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November 07, 1968 - Image 10

Resource type:
Text
Publication:
The Michigan Daily, 1968-11-07

Disclaimer: Computer generated plain text may have errors. Read more about this.

Poge Teri

THE MICHIGAN DAILY

Tki ircA^%,r 1 QAQ

Page Ten THE MICHICAN BAlI 'V

rImursaoy, Nouvember 1, I fD

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THE WALK
STORE-WIDE SALE
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o J.,'MEfRCU RY' LfEiAD:
College offense hits recordpae

Against

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By BILL CUSUMANO
The hardest working man in
college football this year just may
be the scoreboard operator. Of-
fenses have been performing at
record rates and the paints have
come fast and furious.
At present the average number
of points scored per game for both
teams is 41. This is in contrast to
the old record of 38.8 which was
established in 1951.

67 yards last week against Oregon.
Simpson is stil not the leader in
the ground gaining race, though,
and that should tell what kind of
year it has been. The man out in
front remains Eugene "Mercury"
Morris of West Texas State. Mor-
ris has piled up 1199 yards so far
but has also played in two more
games than Simpson. However,
this fact is balanced out by Simp-

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INDIVIDUALS STAR ;
Much of the rise in offense can, TA
of course, be traced to the per-;
formances of the individual lead-
ers of the current season. Should } ROUNDUP
present paces be maintained at
least 20 men could break the 1000 ::>:J :: :::::::::::::>:>::;:::::::""._
yard mark in rushing, which
would double the number of men son's having carried the ball 26
who accomplished such a feat last times more than Morris.
year. While the rushers have been
The big name in college runners gathering headlines, they still
is that of 0. J. Simpson. The haven't made the passers take a
fabulous halfback from Southern back seat. The men who control
Cal has amassed 1047 yards in the airways have kept the foot-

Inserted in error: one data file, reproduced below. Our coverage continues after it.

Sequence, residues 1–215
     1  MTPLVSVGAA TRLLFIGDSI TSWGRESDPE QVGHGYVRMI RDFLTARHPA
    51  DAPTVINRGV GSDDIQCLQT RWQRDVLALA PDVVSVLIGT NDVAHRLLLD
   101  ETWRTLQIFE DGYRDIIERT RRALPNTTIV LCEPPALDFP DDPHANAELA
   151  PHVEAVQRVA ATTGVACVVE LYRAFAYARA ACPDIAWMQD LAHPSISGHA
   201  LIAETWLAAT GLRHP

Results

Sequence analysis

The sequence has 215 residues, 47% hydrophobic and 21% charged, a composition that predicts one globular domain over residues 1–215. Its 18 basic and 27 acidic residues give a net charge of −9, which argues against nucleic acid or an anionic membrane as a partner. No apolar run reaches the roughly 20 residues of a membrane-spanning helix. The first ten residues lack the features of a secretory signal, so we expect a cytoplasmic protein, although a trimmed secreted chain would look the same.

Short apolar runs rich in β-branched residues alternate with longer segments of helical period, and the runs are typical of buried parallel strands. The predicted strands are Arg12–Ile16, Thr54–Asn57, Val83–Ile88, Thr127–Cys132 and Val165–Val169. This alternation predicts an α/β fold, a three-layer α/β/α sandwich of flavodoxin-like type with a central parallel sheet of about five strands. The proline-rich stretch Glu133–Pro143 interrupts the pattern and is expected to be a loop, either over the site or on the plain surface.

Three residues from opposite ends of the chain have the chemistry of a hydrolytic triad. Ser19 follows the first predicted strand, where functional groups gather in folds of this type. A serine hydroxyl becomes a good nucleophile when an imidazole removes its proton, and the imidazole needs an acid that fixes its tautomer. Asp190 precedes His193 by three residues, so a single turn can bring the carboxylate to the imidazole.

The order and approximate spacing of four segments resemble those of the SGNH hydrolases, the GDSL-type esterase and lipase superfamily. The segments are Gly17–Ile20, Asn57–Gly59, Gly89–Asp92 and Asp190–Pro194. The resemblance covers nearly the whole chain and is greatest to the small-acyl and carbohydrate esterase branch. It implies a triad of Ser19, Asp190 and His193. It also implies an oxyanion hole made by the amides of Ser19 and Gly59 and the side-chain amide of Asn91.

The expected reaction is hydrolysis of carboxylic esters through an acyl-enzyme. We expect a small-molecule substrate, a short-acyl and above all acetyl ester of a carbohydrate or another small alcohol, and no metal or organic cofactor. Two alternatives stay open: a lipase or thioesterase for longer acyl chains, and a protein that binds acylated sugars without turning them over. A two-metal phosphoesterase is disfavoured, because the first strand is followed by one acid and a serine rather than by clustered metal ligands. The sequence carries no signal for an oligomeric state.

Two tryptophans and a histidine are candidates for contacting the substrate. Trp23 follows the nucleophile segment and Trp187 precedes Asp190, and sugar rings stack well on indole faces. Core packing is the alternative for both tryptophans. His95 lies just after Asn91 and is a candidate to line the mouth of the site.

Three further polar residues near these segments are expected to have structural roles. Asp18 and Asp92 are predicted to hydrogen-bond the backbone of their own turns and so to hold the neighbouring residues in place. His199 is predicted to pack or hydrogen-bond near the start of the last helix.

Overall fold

just six games. Simpson's total be- ball flying. The top passer; is
comes even more amazing when SMU's Chuck Hixson who has
one realizes that he gained just thrown up to 60 passes in a game

and has 341 attempts for the sea- helped to make Hixson the num-
son. ber one passer in the country
Hixson's method works, thougn, while Hixson has been making
as he has hit on 195 of his tosses
and accounted for 12 touchdowns him the top receiver. Other pass
while leading the Mustangs to a catchers like Gene Washington of
5-2 record. Stanford. Henley Carter of Duke
Hixson is shooting for a double and Notre Dame's Jim Seymour
as he also leads the country in have helped to make life easier
total offense. The young quarter-
back has been extremely busy on their quarterbacks.
having run 402 plays for 2128 SCORING LEADERS
yards. The thing about Hixson The aerial combinations may be
that really scares his opponents is ; covering a lot of ground, but scor-
that he is only a sophomore. ing is still the name of the game
The statistical charts show that and the runners dominate in that
this is the year of the soph quar- area. Simpson and Morris once
terback anyway. Although such again come to the front in the
established names as Terry Han- scoring derby, each scoring 15
ratty of Notre Dame and Freddie TD's for a total of 90 points.
Summers of Wake Forest are high Trailing the leaders are several
'up on the passing and total of- others who also make their living
fense lists, the big splash has been as rushers, including defending
made by greenhorns Jim Plunkett champion Leroy Keyes and Big
of Stanford, Mike Sherwood of Ten leader Ron Johnson.
West Virginia and Leo Hart of The season now heads into the
Duke. All have compiled over 1000 home stretch and the individual
yards in offense and been respon- battles ought to be as good as those
sible for at least 10 touchdowns. between the teams. While no one
While the quarterbacks have can safely predict the final lead-
been Nrolling up yards they have ers. one thing is for sure: that